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Apple CFO warns that Republicans could 'burden' consumers with bad tax policies

Workers in the Foxconn factory in Shenzhen, China.
AFP | Getty Images
Workers in the Foxconn factory in Shenzhen, China.

Apple CFO Luca Maestri warned that a "border tax" on imports could hurt American consumers and stall the economy.

It is "very hard for us to imagine that a border tax would be good for the US economy, because it would burden the consumer and the dollar would appreciate versus where it is today, which is already too strong," he told an audience of investors at the Goldman Sachs Technology and Internet Conference in San Francisco on Tuesday. "It doesn't yield a positive outcome."

President Trump and his team have floated various tariff plans since his election, such as a 35% tax on German cars imported into the U.S., and a 20% tax on Mexican imports to help pay for a border wall.

Republicans in Congress have also floated the idea of a more general border adjustment tax, which would eliminate taxes on U.S. exports and add a blanket tariff on all imports.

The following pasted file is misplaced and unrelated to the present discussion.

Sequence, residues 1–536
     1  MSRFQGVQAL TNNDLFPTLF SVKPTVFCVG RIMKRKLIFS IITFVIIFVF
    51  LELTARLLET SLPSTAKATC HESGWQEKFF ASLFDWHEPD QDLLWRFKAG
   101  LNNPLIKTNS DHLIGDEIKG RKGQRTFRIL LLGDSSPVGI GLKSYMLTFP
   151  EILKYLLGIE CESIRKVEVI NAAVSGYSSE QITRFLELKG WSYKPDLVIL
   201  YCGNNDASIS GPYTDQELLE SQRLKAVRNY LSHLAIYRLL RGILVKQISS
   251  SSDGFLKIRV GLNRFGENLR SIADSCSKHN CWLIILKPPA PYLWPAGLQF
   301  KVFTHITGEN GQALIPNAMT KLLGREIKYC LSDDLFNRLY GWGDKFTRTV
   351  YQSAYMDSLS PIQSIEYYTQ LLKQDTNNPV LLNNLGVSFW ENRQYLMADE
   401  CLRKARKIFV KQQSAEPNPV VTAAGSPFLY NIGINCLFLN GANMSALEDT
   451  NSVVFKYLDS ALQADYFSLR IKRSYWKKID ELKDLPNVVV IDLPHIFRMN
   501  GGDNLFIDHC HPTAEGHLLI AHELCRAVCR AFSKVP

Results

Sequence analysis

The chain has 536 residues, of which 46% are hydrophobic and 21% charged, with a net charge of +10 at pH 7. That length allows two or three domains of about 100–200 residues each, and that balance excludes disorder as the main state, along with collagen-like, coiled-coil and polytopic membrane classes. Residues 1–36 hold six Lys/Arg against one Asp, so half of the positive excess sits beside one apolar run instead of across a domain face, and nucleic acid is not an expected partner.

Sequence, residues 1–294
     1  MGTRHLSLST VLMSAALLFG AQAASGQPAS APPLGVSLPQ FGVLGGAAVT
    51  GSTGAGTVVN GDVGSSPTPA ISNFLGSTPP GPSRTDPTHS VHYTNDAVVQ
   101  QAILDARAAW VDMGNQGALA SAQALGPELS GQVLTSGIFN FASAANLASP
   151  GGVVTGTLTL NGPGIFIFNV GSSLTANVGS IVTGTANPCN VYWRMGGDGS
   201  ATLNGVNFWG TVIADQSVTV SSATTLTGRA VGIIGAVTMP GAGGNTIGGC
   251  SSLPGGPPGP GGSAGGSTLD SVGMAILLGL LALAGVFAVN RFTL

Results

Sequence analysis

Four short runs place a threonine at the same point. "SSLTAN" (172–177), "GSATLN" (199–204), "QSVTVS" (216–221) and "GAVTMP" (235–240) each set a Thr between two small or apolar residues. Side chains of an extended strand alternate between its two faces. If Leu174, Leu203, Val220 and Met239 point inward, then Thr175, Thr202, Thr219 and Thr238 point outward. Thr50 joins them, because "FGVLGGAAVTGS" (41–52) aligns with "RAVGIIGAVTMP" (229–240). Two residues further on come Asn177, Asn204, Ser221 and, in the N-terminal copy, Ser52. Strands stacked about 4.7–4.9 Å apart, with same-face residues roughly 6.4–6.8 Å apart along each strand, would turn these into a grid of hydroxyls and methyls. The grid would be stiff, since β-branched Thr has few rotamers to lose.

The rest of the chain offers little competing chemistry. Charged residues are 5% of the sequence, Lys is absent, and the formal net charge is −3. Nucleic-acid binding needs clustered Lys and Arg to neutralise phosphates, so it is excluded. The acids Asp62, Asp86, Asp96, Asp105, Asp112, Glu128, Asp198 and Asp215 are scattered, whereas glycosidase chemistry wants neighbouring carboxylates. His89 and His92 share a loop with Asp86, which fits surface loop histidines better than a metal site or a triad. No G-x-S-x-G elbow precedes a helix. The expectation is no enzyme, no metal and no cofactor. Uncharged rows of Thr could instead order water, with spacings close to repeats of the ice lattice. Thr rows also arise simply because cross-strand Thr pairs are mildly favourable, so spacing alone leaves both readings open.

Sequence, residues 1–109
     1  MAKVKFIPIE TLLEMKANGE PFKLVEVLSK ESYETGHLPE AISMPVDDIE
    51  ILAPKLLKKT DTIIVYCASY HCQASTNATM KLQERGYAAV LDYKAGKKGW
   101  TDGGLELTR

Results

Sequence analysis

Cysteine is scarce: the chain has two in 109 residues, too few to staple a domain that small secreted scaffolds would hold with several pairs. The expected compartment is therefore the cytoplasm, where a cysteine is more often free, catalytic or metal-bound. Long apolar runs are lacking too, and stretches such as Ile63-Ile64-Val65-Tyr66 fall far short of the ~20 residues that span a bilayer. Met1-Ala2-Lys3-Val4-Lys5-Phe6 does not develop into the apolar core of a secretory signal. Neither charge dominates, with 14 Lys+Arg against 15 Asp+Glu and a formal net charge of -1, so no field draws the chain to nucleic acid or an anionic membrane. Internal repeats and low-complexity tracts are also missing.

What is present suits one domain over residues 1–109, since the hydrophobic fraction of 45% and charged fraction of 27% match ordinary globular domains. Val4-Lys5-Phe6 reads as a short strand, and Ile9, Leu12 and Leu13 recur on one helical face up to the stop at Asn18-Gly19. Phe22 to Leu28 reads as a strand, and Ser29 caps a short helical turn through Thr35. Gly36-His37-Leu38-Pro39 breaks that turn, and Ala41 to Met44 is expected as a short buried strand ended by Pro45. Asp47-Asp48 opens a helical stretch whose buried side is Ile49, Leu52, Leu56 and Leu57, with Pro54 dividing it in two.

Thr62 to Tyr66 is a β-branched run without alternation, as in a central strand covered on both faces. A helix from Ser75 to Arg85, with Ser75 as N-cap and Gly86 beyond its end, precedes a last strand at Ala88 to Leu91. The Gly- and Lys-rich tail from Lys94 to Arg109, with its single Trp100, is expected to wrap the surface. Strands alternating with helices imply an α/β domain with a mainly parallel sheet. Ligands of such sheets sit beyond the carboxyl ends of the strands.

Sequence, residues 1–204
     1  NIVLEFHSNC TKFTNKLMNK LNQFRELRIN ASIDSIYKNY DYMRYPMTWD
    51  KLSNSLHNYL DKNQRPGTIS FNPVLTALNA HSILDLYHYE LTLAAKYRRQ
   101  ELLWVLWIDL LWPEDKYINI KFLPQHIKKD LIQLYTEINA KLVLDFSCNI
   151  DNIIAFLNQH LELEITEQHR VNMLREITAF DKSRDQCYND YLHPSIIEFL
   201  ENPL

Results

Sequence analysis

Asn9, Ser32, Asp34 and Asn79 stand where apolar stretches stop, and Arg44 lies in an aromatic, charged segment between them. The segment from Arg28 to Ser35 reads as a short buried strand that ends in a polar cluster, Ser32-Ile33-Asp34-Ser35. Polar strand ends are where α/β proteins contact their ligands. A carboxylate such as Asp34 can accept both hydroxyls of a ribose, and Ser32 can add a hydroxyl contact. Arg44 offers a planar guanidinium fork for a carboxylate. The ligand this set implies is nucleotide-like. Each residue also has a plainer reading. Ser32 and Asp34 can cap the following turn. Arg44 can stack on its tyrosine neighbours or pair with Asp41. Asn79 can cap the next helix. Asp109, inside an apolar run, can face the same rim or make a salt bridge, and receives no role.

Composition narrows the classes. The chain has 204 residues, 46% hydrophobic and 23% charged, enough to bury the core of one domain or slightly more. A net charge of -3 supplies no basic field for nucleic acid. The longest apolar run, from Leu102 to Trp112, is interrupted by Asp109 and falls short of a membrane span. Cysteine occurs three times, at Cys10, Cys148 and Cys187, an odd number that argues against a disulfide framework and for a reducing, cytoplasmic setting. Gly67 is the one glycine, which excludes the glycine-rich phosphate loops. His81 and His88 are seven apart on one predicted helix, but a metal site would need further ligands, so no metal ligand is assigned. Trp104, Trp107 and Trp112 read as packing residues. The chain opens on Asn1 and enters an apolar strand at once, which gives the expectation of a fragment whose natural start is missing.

No formal bill has been introduced, and any actual taxes may be much lower than originally proposed.

Supporters believe these tariffs would encourage companies to manufacture more products in the U.S., leading to more high-paying factory jobs. But critics like Maestri have pointed out that the tax would raise prices for consumers, slowing consumption and decreasing demand.

Apple has a particular interest in the subject because most of its products, including the iPhone, which accounts for over half its sales and profits, are manufactured outside the U.S. and may be subject to any passed tariffs.

Maestri noted that even if Apple assembled more of its products in the U.S., huge parts of the supply chain are located overseas. It would be extremely costly for Apple and all its suppliers to relocate the bulk of their manufacturing to the U.S.

He said that Apple has created more than "2 million jobs" over the last 10 years including positions in its retail stories, at its suppliers, and among developers who build apps for its products.

See also: Apple explains why its R&D spending is on the rise